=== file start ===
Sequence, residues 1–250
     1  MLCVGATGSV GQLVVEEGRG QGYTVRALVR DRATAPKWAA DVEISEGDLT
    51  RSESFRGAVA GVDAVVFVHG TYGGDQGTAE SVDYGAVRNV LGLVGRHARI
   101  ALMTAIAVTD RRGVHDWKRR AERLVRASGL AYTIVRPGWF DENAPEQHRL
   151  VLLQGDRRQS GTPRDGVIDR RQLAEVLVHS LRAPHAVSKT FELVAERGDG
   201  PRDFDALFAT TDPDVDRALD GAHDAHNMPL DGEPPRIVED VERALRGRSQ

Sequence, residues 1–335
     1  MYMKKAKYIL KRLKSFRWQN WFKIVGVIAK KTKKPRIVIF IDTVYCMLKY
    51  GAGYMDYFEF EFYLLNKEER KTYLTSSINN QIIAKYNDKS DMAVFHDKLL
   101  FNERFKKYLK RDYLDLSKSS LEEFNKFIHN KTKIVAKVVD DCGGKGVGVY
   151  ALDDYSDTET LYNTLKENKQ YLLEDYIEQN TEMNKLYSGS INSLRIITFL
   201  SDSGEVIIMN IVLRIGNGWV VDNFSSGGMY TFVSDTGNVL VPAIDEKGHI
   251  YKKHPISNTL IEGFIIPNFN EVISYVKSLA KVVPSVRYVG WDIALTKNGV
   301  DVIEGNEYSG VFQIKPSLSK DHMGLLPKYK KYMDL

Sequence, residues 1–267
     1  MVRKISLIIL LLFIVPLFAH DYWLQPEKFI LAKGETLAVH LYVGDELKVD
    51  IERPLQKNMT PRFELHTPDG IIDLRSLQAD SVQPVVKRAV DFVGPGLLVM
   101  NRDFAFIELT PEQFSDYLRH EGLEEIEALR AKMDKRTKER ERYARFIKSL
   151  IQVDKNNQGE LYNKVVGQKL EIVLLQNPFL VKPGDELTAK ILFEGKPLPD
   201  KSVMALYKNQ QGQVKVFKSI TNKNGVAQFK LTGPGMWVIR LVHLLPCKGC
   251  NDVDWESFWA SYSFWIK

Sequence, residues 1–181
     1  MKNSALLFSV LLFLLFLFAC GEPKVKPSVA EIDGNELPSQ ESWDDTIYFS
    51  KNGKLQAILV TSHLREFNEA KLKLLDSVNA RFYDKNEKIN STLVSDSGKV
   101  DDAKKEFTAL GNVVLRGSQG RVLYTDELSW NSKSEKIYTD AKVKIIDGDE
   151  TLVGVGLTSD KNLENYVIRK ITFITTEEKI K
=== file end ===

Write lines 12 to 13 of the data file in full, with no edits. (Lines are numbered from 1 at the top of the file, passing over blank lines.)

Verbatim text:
   201  SDSGEVIIMN IVLRIGNGWV VDNFSSGGMY TFVSDTGNVL VPAIDEKGHI
   251  YKKHPISNTL IEGFIIPNFN EVISYVKSLA KVVPSVRYVG WDIALTKNGV